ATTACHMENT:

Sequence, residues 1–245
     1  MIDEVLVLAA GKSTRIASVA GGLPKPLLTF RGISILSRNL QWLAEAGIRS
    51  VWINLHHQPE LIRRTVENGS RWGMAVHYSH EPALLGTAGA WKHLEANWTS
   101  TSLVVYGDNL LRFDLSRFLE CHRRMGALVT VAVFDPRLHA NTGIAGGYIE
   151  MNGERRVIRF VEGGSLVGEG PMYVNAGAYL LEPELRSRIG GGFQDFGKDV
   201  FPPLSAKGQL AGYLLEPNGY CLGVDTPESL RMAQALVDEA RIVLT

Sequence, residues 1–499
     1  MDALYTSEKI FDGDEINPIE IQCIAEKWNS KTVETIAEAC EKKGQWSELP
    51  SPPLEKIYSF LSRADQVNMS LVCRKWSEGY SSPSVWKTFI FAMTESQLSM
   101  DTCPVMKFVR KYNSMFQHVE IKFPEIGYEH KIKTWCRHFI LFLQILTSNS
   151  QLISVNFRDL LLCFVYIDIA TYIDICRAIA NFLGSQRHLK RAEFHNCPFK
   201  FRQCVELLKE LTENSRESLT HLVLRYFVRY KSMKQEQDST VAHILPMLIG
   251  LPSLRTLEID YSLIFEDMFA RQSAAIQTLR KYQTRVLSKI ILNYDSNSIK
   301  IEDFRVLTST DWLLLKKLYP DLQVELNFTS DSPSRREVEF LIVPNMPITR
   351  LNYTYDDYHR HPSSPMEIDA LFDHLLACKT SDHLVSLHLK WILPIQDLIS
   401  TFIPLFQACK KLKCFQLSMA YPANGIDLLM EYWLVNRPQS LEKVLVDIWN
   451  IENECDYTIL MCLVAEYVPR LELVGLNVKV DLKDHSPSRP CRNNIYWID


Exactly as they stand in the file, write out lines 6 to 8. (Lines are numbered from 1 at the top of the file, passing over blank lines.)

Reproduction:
   201  FPPLSAKGQL AGYLLEPNGY CLGVDTPESL RMAQALVDEA RIVLT

Sequence, residues 1–499
     1  MDALYTSEKI FDGDEINPIE IQCIAEKWNS KTVETIAEAC EKKGQWSELP